Patients who are treatment-naïve, intermediate risk or who have a WHO functional class III should also be started on immediate combination therapy. Intermediate-risk patients who have evidence of rapid disease progression should be started on a parenteral prostanoid.8 As with low-risk patients regarding upfront combination therapy, the most evidence exists for the use of ambrisentan and tadalafil.1,8 Other combinations include bosentan, sildenafil, and intravenous epoprostenol; bosentan and intravenous epoprostenol; any ERA, any PDE-5i, and subcutaneous treprostinil; and any ERA, any PDE-5i, and an intravenous prostacyclin analogue.1,8

High-Risk Patients

Patients who are treatment-naïve, high risk or who have a WHO functional class IV should all be initiated on combination therapy with a parenteral prostanoid agent.1,8 If the patient is unable to have or does not desire intravenous therapy, an inhaled prostanoid should be used.1,8 Initial combination recommendations include bosentan, sildenafil, and intravenous epoprostenol, as well as bosentan and intravenous epoprostenol.1,8

Currently, additional trials are underway comparing upfront combination therapy to monotherapy.24,25 Another area being studied is that of initial triple combination therapy. One study of 19 patients with newly diagnosed, severe PAH suggested that triple combination therapy may improve survival in patients with advanced disease.26 The ongoing TRITON study, a Phase 3b trial, is evaluating upfront triple combination therapy in patients newly diagnosed with PAH.27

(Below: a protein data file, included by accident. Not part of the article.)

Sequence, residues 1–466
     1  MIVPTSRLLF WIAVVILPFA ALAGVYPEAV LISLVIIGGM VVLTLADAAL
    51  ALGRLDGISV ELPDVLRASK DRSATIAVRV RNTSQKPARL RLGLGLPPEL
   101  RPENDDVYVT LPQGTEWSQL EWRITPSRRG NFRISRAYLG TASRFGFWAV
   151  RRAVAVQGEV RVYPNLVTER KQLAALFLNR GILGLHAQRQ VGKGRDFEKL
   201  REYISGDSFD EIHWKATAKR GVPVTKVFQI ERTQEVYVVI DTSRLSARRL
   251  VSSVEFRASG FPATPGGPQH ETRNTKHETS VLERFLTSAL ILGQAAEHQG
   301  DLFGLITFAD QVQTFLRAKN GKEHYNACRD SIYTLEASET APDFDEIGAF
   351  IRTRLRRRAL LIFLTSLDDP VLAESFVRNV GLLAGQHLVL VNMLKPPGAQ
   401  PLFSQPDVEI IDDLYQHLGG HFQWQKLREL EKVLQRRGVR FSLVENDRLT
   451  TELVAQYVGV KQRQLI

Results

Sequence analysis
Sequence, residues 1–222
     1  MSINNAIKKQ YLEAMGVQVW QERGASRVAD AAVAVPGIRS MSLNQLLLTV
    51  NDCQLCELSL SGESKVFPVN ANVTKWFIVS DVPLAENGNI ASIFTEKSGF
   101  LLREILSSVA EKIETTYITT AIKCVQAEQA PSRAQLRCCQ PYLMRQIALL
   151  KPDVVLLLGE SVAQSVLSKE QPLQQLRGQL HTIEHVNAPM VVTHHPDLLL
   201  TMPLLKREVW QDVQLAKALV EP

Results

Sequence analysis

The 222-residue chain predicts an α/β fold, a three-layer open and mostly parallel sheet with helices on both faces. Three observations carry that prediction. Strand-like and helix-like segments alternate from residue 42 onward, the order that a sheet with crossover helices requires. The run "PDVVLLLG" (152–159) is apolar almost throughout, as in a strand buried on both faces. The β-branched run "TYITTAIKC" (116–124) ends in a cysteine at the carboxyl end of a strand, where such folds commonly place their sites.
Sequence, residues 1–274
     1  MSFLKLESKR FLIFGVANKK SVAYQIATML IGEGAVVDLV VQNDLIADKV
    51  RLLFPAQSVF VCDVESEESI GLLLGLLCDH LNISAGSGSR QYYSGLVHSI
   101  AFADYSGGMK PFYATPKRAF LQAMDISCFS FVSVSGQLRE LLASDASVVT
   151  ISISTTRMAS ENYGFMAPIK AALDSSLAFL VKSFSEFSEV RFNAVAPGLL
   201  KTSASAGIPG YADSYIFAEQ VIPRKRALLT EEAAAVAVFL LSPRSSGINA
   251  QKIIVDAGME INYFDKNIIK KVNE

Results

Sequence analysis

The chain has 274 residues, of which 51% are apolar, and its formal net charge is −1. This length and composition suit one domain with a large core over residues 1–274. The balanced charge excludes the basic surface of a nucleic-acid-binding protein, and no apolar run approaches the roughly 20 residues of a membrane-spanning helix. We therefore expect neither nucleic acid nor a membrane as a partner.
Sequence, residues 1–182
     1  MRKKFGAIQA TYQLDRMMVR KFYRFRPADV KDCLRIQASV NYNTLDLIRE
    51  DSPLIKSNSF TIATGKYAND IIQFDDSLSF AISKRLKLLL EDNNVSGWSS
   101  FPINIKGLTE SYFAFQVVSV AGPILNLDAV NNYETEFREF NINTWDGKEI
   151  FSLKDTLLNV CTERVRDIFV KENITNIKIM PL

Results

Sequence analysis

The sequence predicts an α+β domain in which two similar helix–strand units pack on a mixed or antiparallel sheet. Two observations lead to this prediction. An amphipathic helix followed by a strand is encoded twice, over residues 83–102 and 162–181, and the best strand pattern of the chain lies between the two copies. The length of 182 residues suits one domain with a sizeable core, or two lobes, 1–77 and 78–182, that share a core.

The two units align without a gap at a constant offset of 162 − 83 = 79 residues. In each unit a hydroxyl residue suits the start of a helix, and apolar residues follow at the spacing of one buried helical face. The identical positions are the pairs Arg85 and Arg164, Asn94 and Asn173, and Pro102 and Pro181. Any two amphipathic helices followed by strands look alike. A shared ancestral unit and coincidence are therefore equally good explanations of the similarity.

Survival is dependent on early diagnosis, before advanced disease progression. Patients diagnosed at a New York Heart functional classification (NYHFC) of I have a 5-year survival of 88%, compared to patients diagnosed with a NYHFC of IV, who only have a 5-year survival rate of 43.8%.28

Please try again. The questions you answered incorrectly are highlighted in red below.

Ms. R is diagnosed with PAH on a right-heart catheterization. She did not meet criteria for vasoreactivity and there is no evidence of pulmonary emboli. Additional testing is performed. She is found to have a 6MWD of 500 m, BNP of 40 ng/L, and NT-proBNP of 200 ng/L. Cardiopulmonary exercise testing revealed a peak VO2 of >65% predicted. What is the best initial treatment option?
Please complete this question.
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Correct Answer: C.

Rationale: This patient has low-risk PAH. Based on symptoms, she has a WHO functional class II. Her 6MWD, BNP, NT-proBNP, and cardiopulmonary exercise testing results are all consistent with low-risk PAH.1,8,11 Although epoprostenol, an intravenous prostanoid, is recommended for intermediate- and high-risk disease, it is not considered a first-line treatment for those with low-risk disease.1,8 Oral nifedipine is only indicated in patients with vasoreactivity.7,12 Although ambrisentan monotherapy could be considered, most experts recommend initial combination therapy for the treatment of all patients with PAH.19 Ambrisentan and tadalafil has been the most well-studied combination in PAH and has been shown to be superior to monotherapy for low-risk patients.1M